histological changes in gonadal and chin gland morphology were examined.

The role played by the endocrine system in the control of the reproduc-

tive cycles was investigated.

Vitellogenesis began in September and ovarian follicles were fully

enlarged by December. Most ovulation occurred between early April and

late May, and nesting was completed by mid June. Following a summer

period of minimal ovarian size, recrudescence began in early fall. The

period of courtship and mating has been reported to include the months

of March, April, and May, but evidence indicates that lowered levels

of reproductive behavior may be exhibited until fall. Plasma estrogen

and progesterone levels in females showed peaks associated with ovula-

tion and vitellogenesis.

Male reproductive tissue weights reflected the stage of spermato-

genesis. Testicular weights were lowest when the seminiferous tubules

were inactive, and greatest during spermatogenesis. After sperm were

produced, they moved to the enlarging epididymides, and testes weights

returned to minimal levels. Male testosterone levels peaked prior to,

and declined during, the spring mating season. A second peak was

coincident with fall spermatogenesis.

Changes in chin gland volume were similar in timing and magnitude

for males and females. The size of this secondary sexual characteristic

was greatest for both sexes during the spring mating season, but pre-

viously unreported secondary enlargements were seen in September.

Increases in chin gland size were correlated with peaks in plasma

estrogen (female) and testosterone (male) concentrations.

It is concluded that the endocrine system plays an important role

in the control of gonadal events and the development of secondary sexual

characteristics in both sexes of the gopher tortoise. The results of

this study generally confirm and expand upon what is known about

endocrine control of reproduction in other turtles. Other data indicate

that the gopher tortoise is characterized by a very low reproductive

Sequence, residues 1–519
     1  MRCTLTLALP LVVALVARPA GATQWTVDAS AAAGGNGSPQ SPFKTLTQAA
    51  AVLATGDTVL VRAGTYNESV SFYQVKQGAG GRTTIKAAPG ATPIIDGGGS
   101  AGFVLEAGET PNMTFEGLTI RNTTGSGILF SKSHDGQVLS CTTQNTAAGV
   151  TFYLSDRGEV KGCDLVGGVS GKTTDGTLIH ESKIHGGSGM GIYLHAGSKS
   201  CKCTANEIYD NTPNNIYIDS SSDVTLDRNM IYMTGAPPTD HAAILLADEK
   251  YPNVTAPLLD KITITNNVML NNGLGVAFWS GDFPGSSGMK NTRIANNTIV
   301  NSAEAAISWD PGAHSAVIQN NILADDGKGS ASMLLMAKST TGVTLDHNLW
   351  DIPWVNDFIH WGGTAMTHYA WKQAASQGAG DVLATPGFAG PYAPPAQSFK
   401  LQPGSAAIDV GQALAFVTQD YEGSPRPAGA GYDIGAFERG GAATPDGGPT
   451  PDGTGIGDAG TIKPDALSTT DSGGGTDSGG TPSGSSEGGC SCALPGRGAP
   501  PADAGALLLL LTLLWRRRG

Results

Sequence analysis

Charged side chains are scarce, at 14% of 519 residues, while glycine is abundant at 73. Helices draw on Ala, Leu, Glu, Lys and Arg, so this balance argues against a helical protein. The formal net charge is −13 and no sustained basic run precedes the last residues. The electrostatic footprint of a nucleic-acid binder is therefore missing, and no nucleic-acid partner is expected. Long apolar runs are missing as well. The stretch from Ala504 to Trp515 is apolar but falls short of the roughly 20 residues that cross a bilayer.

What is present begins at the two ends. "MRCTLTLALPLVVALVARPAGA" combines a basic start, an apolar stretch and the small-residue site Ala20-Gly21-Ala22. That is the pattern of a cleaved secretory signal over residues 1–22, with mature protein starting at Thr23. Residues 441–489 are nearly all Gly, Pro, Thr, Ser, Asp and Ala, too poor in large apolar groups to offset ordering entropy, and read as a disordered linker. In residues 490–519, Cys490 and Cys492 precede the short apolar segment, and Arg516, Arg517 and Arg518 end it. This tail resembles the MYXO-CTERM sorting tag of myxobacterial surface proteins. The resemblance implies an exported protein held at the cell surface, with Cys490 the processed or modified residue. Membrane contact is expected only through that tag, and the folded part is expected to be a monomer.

potential. Taken together, these data provide a basis for making more

informed decisions about the management and possible protection of

Gopherus polyphemus.


Until recently, detailed studies of the reproductive biology of

reptiles have been uncommon. Although some knowledge had been gathered

for a large number of species, most of it was fairly cursory and was

usually limited to observations concerning mating, nesting, and

offspring. During the past few decades a few reptile species have been

examined more closely. In general, however, the reproductive cycles of

reptiles are still poorly understood when compared to those of mammals.

The gopher tortoise (Gopherus polyphemus) is a locally abundant

inhabitant of suitable habitats throughout the southeastern Coastal

Plain from extreme southern South Carolina to extreme eastern Louisiana

and peninsular Florida (Auffenberg and Franz 1978,. 1982; Fig. 1). The

species is restricted almost exclusively to areas with well-drained

sandy soils and vegetative associations that permit abundant sunlight to

reach the ground. Here the animals construct extensive underground

burrows and feed on low-growing grasses and forbs (Auffenberg 1969).

Gopherus polyphemus has experienced dramatic population size declines

throughout its range in recent years (Auffenberg and Franz 1982), with

most of the remaining animals concentrated in southern Georgia and

northern Florida.

Information regarding the gopher tortoise's reproductive rate

(Douglass 1976; Iverson 1980; Landers et al. 1980), growth and maturity

Figure 1. Geographical distribution of Gopherus polyphemus.